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Jur' going to respect us


Liverpool manager Jurgen Klopp celebrates his team’s equaliser against West Brom last Sunday

Liverpool manager Jurgen Klopp celebrates his team’s equaliser against West Brom last Sunday

Liverpool manager Jurgen Klopp celebrates his team’s equaliser against West Brom last Sunday

Augsburg coach Markus Weinzierl insists compatriot Jurgen Klopp will not under-estimate them in their Europa League last 32 clash.

The draw in Nyon presented Klopp with a return to his homeland with Liverpool and although the Bundesliga minnows, currently 13th in the Bundesliga, will be the outsiders Weinzierl knows Klopp will be leaving nothing to chance.

"The anticipation of facing Liverpool is huge. Everyone was happy," he told a press conference.

"Liverpool are a cult and Jurgen is a huge name in Germany so I'm happy for the whole club.

"We will do everything in that we can. This game is something special.

"We will be underdogs against Liverpool but this is a role we like to assume.

"We have courage and confidence. Jurgen Klopp knows us and will not under-estimate us."

Meanwhile, Liverpool captain Jordan Henderson dedicated his first goal of the season to his family in memory of his grandmother who died last week.

The Reds captain's first thought having swept home to open the scoring in the 2-2 draw at home to West Brom was to celebrate with Adam Lallana, the team-mate who had provided the knockdown.

But once the initial rush had subsided the 26-year-old blew a kiss to the skies and raised both arms in tribute.

"It has been a difficult time for my family of late on a personal level so that was for them really," Henderson, making his first league start since August 17 after foot problems, told Press Association Sport of his celebration.

"It is nice to be playing, being on the pitch and contributing to the team.

"It was disappointing it wasn't a win but I thought the performance was good at times.

"We started really well but we should be finishing games off and that is what we have to improve on.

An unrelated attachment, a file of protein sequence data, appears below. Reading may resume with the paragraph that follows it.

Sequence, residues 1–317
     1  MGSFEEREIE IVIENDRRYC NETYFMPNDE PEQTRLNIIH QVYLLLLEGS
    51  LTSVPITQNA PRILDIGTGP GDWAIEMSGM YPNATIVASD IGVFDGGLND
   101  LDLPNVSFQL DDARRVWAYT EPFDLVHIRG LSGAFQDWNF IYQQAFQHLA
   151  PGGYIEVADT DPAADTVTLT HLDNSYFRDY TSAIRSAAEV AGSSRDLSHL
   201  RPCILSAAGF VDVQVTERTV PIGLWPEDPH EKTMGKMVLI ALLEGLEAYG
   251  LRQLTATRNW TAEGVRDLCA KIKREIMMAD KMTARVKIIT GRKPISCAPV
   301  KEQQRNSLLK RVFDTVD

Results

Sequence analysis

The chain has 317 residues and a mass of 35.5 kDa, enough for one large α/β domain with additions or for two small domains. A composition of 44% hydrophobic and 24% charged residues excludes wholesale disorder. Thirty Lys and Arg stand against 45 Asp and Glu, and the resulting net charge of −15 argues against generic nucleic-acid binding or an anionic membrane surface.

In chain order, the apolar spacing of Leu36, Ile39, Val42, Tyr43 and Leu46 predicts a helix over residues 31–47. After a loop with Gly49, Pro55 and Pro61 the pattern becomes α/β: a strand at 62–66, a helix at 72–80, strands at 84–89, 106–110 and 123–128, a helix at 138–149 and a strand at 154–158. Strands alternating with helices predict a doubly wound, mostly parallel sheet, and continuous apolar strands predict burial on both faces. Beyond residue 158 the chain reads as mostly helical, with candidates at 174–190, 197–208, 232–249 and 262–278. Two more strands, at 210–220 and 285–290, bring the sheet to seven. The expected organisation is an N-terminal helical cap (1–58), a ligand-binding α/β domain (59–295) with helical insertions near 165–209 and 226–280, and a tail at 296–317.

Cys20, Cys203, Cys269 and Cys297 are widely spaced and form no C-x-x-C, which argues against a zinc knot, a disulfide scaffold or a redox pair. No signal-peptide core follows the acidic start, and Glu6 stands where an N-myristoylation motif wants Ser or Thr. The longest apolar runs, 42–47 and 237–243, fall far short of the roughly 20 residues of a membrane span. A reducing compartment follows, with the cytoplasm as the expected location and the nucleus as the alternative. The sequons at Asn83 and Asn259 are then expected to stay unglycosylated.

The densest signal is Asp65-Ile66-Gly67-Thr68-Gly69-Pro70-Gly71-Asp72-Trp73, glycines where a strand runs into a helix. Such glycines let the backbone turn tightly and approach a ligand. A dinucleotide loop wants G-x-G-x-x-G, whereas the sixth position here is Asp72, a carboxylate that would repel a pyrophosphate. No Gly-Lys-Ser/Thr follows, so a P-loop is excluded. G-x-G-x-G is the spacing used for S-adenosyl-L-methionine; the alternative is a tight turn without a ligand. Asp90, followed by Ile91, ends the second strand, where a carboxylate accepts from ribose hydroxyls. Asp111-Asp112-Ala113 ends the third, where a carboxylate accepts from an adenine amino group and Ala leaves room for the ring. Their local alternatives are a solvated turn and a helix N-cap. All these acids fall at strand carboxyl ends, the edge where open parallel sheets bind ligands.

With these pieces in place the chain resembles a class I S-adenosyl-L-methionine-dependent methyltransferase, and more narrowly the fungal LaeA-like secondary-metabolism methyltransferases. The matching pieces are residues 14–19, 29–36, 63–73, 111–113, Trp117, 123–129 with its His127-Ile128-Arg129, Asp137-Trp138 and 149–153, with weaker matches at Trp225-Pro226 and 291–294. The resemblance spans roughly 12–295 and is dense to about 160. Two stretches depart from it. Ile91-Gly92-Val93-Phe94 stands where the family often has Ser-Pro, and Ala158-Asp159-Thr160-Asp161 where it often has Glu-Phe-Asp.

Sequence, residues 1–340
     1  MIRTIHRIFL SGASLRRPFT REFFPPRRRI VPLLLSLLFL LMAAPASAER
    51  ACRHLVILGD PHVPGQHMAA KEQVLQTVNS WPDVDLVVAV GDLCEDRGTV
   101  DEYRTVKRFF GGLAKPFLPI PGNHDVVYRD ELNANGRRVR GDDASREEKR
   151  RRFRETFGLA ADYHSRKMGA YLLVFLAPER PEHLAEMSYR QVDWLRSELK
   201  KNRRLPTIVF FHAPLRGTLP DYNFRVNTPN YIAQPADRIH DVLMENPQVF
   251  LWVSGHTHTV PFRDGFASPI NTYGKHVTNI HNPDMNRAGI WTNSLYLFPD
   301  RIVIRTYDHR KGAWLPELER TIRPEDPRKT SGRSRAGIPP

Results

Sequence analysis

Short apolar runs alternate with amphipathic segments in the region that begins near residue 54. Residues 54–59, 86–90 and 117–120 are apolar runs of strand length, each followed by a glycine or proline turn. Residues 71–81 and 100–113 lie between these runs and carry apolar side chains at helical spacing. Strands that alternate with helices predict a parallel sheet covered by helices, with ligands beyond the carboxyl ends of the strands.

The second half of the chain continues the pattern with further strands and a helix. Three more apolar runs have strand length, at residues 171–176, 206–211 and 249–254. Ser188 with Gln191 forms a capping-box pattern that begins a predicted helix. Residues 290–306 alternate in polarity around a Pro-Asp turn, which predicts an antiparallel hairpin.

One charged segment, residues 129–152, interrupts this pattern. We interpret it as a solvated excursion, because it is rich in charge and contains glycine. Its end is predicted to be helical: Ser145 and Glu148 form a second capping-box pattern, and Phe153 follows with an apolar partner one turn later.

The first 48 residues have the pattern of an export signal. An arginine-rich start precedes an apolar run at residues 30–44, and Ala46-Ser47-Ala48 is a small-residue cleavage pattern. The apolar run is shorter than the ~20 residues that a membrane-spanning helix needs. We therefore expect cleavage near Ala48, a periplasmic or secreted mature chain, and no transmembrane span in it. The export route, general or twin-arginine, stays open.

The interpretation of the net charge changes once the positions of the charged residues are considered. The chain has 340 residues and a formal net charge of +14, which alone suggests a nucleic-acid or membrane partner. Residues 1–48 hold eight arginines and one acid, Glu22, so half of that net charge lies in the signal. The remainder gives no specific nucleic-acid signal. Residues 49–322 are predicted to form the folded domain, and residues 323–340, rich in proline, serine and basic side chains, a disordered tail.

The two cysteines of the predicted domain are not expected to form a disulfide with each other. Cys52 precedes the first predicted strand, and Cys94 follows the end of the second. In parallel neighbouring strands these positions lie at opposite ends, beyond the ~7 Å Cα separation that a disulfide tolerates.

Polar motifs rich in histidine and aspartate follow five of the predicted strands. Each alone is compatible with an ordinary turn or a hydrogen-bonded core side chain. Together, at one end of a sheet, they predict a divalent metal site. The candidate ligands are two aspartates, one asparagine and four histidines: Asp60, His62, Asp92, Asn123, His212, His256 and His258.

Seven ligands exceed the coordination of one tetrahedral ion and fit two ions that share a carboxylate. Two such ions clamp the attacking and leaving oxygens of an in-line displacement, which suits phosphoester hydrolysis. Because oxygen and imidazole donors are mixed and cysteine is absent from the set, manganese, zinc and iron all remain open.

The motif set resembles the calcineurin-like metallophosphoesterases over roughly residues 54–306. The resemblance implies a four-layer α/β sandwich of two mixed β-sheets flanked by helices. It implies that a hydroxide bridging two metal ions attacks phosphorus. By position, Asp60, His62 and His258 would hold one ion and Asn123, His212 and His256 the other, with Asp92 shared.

"But we kept going and managed to get an equaliser late on and I thought we were going to get a winner but we couldn't get the ball over the line.

"I think that is a real positive we can take out of the day. Even though we went 2-1 down we kept going to the end and that is what you have to do in football.

"We scored one and were unlucky not to score another one and that could have changed the game in five minutes. You have to keep going right till the end."

Liverpool's long-term Achilles heel - their fallibility at set-pieces - was ruthlessly exposed by West Brom who scored with their only two efforts on target, which both came from corners.

Even manager Jurgen Klopp said it felt like 98 per cent of the goals they conceded were from free-kicks or corners and Henderson accepts it is an area which has to improve.

"We need to make sure we defend set-plays much better," he added.

"We've been working on it because it's not good enough, to be honest.

"We need to keep working on it and improve quickly because it's cost us two points." Liverpool rescued a point thanks to substitute Divock Origi's long-range deflected strike in the sixth of eight minutes of added time to ensure the game ended on a couple of positives: the comeback itself and the 20-year-old's first Premier League goal.

"I thought the second goal was brilliant from Divock, obviously it took a big deflection but I thought he had a big impact when he came on and got the equaliser for us," Henderson said.

"He's still very young - you don't realise how young he is sometimes - but in the last few weeks he's been brilliant, getting his hat-trick (at Southampton in the Capital One Cup) and then coming on against West Brom and having a big impact in the game, so I am delighted for him."

Klopp spoke of enjoying the best atmosphere at Anfield since he arrived in England - marching his players toward the Kop hand in hand at the end in a gesture of thanks - and Origi admits Sunday afternoon was special for him too.

"The way the supporters pushed us at the end was something I'd never seen in football until now in my career," he said.

"It was very emotional and pushed us to score this goal. We're all in this together and we wanted to thank them."

"I'm very happy because personally I work very hard and it's starting to pay off.

"I think after the three goals at Southampton it gave me a mental boost."